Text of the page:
‘Stop-Loss’ moving war drama

Natalie Smith

Audiences be warned: Guerilla warfare is disturbing, and director Kimberly Pierce does her best to pay homage to the gritty reality we as viewers are often sheltered from, along with the difficult process many soldiers face upon their return from Iraq where they attempt to assimilate back into the civilian population.

While the opening does nothing to rival the carnage of Omaha Beach seen in “Saving Private Ryan,” “Stop-Loss” has some harrowing images of its own that haunt the rest of the film.

“Stop-Loss” opens in the heat of battle, where Sgt. Brandon King, played by Ryan Phillippe (“Crash,” “Flags of our Fathers”), unwittingly leads his men into a particularly nasty ambush.

In a style reminiscent of Stanley Kubrick’s “Full Metal Jacket,” the film’s opening segment is juxtaposed with the soldiers’ homecoming to shed light on the difficult reality facing many soldiers after their tour of duty that may not be well-known or understood by the general public.

Channing Tatum (“Step Up,” “She’s the Man”) plays Steve Shriver, King’s childhood friend who served with him in Iraq and is engaged to King’s best friend, Michelle. Michelle, played by Abby Cornish, has been waiting for Shriver to finish his tour of duty for five long years.

While proud of her fiancé’s sniping potential, she is not prepared to wait any longer to marry him and is completely disinterested in becoming an Army wife.

Tommy Burgess, played by Joseph Gordon-Levitt, is another childhood friend returned from Iraq alongside King and Shriver. Tommy’s mental scars are the darkest and most perturbing of the group.

Rico Rodriguez, played by Victor Rasuk (“Lords of Dogtown”), plays a smaller role in contrast to the others, but his story represents the physical toll Iraq can have on the bodies of soldiers to contrast Burgess’ mental trauma.

Most importantly, Phillippe’s character, King, is the clear protagonist of the film.

His story intertwines with those of the four other characters to form the drama in “Stop-Loss,” which ultimately centers around King being informed he is being sent back to Iraq under military stop loss, often referred to as the “back-door draft.”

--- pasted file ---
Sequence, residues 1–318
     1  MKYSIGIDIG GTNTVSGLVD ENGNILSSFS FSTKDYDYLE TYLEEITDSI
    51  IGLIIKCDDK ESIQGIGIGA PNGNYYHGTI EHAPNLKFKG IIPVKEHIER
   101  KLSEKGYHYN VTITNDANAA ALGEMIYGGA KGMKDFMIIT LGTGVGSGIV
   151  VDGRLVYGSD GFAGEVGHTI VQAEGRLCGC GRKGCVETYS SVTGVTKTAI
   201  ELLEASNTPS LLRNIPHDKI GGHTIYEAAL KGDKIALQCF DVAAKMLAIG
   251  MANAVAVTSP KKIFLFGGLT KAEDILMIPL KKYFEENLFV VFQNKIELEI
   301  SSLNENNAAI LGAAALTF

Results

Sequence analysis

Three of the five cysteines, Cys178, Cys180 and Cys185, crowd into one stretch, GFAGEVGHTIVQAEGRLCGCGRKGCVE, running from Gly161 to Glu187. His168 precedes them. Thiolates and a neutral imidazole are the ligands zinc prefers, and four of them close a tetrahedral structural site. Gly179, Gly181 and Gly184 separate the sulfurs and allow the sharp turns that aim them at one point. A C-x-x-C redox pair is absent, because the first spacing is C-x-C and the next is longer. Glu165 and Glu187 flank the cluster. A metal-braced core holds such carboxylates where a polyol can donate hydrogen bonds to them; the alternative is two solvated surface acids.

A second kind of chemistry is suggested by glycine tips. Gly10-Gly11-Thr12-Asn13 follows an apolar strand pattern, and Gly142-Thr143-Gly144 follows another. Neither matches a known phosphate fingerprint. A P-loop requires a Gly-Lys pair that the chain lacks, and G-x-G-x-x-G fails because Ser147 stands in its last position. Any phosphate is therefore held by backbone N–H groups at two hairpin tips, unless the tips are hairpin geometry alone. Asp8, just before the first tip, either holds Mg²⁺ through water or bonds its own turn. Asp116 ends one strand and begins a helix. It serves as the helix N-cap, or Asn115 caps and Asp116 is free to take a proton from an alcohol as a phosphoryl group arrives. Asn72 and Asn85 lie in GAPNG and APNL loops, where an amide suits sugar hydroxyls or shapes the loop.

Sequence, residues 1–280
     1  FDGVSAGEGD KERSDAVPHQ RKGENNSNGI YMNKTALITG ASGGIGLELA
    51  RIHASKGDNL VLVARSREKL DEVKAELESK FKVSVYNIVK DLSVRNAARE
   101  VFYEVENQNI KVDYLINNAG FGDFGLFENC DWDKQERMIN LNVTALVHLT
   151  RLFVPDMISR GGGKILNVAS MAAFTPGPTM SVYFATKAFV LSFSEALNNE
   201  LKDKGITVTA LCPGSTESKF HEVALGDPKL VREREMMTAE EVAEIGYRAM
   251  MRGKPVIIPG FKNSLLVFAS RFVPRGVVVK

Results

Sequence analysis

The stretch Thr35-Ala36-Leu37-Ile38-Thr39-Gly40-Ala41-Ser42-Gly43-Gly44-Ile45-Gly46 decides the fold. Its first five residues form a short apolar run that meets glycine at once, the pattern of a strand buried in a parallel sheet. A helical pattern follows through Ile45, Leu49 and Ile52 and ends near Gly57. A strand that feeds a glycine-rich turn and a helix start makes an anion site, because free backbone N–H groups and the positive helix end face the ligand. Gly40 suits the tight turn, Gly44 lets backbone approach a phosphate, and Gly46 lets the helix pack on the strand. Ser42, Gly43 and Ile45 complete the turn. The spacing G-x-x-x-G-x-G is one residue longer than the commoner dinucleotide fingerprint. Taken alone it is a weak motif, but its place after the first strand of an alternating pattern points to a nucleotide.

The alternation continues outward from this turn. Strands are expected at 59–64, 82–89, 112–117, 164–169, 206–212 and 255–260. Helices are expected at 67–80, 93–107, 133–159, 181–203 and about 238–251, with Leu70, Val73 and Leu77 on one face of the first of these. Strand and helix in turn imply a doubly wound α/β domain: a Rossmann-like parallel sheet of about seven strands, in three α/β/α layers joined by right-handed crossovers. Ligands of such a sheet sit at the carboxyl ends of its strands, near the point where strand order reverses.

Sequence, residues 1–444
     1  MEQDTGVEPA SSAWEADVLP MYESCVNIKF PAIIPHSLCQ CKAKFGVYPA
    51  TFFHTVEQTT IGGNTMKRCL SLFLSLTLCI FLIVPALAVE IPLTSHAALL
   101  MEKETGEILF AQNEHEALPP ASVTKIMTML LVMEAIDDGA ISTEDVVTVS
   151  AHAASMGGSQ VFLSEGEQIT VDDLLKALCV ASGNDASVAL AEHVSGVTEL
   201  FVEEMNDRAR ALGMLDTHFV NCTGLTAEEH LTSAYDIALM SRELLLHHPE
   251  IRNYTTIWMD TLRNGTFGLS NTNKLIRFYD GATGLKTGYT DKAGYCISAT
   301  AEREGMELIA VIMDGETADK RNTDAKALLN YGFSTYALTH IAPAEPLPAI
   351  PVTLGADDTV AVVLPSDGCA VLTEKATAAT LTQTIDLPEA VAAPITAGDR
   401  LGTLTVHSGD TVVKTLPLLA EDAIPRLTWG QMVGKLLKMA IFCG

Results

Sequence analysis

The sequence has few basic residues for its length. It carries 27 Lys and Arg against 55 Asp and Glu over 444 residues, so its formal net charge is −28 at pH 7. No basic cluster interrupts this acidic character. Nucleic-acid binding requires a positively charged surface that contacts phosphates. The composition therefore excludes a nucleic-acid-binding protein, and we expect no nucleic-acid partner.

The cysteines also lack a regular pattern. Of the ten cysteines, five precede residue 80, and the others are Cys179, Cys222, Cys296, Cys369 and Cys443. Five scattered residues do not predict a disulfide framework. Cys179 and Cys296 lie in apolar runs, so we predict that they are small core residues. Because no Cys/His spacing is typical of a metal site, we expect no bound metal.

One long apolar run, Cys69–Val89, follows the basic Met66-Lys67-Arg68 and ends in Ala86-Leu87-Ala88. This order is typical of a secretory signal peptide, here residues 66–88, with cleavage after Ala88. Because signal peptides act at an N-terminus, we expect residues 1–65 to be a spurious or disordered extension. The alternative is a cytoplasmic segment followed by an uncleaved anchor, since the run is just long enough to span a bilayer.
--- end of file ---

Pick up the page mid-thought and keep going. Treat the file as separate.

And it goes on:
To succinctly summarize the moral of “Stop-Loss,” as rhetorically stated by Michelle-who bears witness to each of the soldier’s mental and physical signs of duress-“What the hell has happened to these guys?”

Make no mistake; “Stop-Loss” is meant to be pro-soldier and not anti-war.

The sentiments are made markedly clear at the end, which is more stoic than sad. Honor, duty and a sense of brotherhood are the overriding themes that drive this film.

“Stop-Loss” is not Pierce’s first controversial film.

She also directed and co-wrote “Boys Don’t Cry,” which merited Hilary Swank an Oscar for best actress in 1999.

It is likely that Pierce’s second go-around as a director/co-writer was somewhat influenced by her younger brother, who enlisted in the Army at 18.

There are only two major complaints I have against “Stop-Loss.”

The first is the unnecessary length; the storyline could be re-written to tighten the plot and keep it from dragging in places, which would bring the drama home for audiences instead of giving them pause to look at their watches.

Second, the film attempts too much. It is too ambitious and, consequently, forces some events in an unrealistic way.

Echoing the sentiments of my first complaint, parts of the plot could be tweaked to fix the issue.

Without going into too much detail, there is a useless trip attempted to see a senator, along with a random run-in with another AWOL soldier, which is unlikely and not extremely useful to the plot.

Overall, “Stop-Loss” is provocative, insinuating and harsh.

It is real and brings issues surrounding modern warfare and the toll it takes on soldiers home to viewers in a very necessary way.

It opens tomorrow, and is a definite must-see if only for political context and civilian appreciation.